Is My Struggle with Food an Addiction?

Many of us have tried losing weight, repeatedly. Some have had weight-loss surgery, lost a significant amount of weight, and found it creeping on again. We may succeed in losing weight and even keeping it off for a time, but often, the weight returns, plus more. When we gain weight again, we beat ourselves up with critical self-talk like “If only I had more will power.”, “I just need to be self-disciplined”, “If I wasn’t so lazy.” or “What’s wrong with me? Why can’t I do this?”

Researchers have said 95% of diets fail. But why? For many who struggle with weight, it’s not about will power– it’s about addiction.

Addiction? Seriously? How can I be addicted to eating?

When we eat compulsively our brain produces dopamine. While dopamine is an important and helpful neurotransmitter in moderation, a flood of dopamine can cause a euphoric, mind-numbing effect. The next time we feel stressed, lonely, frustrated or bored, our brain says “Wait, I know what to do with that! Pass the cookies.”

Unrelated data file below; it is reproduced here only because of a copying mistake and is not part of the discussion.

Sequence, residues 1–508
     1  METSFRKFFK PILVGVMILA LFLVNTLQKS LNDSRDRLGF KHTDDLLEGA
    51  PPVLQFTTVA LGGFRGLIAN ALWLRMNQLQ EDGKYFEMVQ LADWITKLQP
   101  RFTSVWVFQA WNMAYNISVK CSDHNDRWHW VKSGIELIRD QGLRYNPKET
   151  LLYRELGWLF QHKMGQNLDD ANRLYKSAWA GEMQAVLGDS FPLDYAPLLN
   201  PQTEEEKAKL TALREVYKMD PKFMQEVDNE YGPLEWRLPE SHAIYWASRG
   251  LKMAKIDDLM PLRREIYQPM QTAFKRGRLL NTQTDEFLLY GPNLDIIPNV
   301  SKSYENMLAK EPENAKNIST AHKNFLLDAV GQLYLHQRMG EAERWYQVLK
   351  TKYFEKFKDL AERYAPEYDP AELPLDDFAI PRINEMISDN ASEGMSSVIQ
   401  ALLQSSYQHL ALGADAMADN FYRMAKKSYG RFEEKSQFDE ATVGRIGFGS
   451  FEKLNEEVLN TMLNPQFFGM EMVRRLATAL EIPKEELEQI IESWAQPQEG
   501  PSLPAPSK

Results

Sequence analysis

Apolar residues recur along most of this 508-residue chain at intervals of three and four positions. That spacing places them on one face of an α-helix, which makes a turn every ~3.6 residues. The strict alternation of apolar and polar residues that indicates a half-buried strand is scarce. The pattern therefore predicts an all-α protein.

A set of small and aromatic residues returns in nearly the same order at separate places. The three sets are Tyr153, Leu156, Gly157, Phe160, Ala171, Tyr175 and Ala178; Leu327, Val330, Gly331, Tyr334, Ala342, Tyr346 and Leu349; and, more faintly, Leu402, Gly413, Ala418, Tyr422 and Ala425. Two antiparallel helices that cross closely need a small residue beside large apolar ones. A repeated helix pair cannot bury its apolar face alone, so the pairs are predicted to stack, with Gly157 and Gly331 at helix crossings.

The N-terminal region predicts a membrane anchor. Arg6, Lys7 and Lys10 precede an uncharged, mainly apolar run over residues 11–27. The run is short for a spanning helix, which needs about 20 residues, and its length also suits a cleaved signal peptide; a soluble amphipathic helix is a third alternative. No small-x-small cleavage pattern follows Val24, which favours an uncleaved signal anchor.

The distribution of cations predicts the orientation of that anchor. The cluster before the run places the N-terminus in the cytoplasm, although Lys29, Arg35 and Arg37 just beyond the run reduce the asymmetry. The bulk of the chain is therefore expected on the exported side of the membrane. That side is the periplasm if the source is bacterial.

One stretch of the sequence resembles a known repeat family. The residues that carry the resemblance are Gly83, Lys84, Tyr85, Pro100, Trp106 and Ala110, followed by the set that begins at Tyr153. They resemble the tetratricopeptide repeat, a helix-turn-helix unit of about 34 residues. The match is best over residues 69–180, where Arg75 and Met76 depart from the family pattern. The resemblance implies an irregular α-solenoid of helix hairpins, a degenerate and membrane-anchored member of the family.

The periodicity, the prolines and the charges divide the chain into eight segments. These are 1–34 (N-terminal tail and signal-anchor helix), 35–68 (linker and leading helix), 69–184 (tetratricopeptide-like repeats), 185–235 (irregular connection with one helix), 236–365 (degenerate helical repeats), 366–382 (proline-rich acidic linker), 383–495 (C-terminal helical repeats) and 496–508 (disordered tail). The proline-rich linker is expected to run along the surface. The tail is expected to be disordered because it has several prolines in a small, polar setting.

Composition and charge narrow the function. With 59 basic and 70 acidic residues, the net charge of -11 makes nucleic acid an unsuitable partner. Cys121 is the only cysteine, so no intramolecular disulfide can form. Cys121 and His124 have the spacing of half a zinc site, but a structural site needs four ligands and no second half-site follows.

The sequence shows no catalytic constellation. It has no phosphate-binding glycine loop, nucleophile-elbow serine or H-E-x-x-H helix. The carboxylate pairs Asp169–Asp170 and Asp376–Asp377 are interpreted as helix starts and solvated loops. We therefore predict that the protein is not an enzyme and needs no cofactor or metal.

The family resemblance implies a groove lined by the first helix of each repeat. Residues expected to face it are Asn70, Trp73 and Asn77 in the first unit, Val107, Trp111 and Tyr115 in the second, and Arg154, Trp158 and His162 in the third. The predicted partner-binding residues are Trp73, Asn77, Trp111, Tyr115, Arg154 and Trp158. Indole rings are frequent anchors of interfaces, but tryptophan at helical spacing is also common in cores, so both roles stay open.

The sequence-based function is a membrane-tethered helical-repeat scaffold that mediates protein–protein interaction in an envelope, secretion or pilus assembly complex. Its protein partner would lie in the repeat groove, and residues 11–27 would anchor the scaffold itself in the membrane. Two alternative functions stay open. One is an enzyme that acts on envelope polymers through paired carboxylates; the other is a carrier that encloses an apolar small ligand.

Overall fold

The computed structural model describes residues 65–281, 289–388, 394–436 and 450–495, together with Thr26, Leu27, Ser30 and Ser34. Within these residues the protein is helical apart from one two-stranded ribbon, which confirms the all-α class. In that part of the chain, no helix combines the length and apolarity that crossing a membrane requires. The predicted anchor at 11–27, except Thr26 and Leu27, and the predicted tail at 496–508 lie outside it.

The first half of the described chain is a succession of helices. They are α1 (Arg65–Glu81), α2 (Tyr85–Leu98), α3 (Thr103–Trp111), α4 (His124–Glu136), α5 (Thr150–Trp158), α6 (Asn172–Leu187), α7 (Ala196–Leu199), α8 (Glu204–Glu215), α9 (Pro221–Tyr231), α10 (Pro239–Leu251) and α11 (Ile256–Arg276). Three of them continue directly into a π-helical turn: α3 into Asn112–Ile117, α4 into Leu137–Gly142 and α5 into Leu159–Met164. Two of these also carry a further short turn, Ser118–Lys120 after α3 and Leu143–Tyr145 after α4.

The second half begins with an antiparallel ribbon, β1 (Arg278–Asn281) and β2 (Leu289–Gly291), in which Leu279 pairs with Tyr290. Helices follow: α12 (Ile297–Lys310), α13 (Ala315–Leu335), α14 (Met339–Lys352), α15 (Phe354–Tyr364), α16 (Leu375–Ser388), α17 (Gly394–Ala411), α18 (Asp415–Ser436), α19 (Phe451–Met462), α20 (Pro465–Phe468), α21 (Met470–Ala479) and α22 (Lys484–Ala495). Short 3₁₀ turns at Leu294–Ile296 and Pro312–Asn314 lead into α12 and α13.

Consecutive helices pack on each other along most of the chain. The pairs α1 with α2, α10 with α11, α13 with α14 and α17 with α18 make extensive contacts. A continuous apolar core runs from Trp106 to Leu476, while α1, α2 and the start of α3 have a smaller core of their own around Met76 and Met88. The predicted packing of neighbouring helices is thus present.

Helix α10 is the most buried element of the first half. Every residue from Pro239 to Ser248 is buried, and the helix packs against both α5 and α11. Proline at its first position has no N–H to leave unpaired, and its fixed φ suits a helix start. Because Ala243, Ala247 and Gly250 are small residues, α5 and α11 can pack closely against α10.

Too much dopamine is addicting, and we can produce it all by ourselves. The brain on dopamine looks the same as the brain on compulsive gambling, pornography, shopping and even compulsive dieting. This is a called process addiction and it is an addiction to dopamine. If we begin to deal with difficult emotions, relationships and situations with food, we run the risk of developing a dopamine addiction.

Consider this definition: When we use certain foods or overeating to numb or alter the way we feel and cannot stop this pattern even at the threat of potential health issues – that’s addiction!

Diets do NOT treat addiction.

2/3 of Americans are overweight. With that brings a host of health-related issues like heart disease, GERD, sleep apnea, high blood pressure and diabetes. Diabetes is the 7th leading cause of death in the United States. Current research shows that one in ten adults in the U.S. currently has diabetes. The projection is that one-third of all adults in the United States will have diabetes by 2050. Additionally, 18% of our children are overweight with the projection that this will be the first generation of children who will not outlive the life-expectancy of their parents!

Something must be done to turn the tide of obesity in America and we can! But we must stop treating addiction with diets. Treat the addiction and then you can see success with a medically-sound weight-loss program!

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